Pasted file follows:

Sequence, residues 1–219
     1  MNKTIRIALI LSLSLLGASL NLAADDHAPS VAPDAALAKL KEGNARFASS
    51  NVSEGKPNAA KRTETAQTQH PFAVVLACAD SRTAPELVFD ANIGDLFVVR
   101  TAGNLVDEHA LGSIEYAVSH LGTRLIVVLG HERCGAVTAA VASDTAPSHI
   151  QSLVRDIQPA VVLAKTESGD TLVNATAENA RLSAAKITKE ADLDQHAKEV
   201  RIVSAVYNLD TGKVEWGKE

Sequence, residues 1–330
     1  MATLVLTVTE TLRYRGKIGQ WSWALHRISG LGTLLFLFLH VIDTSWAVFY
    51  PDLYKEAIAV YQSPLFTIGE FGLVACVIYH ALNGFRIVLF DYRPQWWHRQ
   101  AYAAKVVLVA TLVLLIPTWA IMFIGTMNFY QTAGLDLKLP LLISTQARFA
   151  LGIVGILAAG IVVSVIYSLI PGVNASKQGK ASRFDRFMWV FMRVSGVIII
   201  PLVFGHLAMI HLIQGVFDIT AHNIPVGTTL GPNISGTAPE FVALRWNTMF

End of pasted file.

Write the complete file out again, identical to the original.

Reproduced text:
Sequence, residues 1–219
     1  MNKTIRIALI LSLSLLGASL NLAADDHAPS VAPDAALAKL KEGNARFASS
    51  NVSEGKPNAA KRTETAQTQH PFAVVLACAD SRTAPELVFD ANIGDLFVVR
   101  TAGNLVDEHA LGSIEYAVSH LGTRLIVVLG HERCGAVTAA VASDTAPSHI
   151  QSLVRDIQPA VVLAKTESGD TLVNATAENA RLSAAKITKE ADLDQHAKEV
   201  RIVSAVYNLD TGKVEWGKE

Sequence, residues 1–330
     1  MATLVLTVTE TLRYRGKIGQ WSWALHRISG LGTLLFLFLH VIDTSWAVFY
    51  PDLYKEAIAV YQSPLFTIGE FGLVACVIYH ALNGFRIVLF DYRPQWWHRQ
   101  AYAAKVVLVA TLVLLIPTWA IMFIGTMNFY QTAGLDLKLP LLISTQARFA
   151  LGIVGILAAG IVVSVIYSLI PGVNASKQGK ASRFDRFMWV FMRVSGVIII
   201  PLVFGHLAMI HLIQGVFDIT AHNIPVGTTL GPNISGTAPE FVALRWNTMF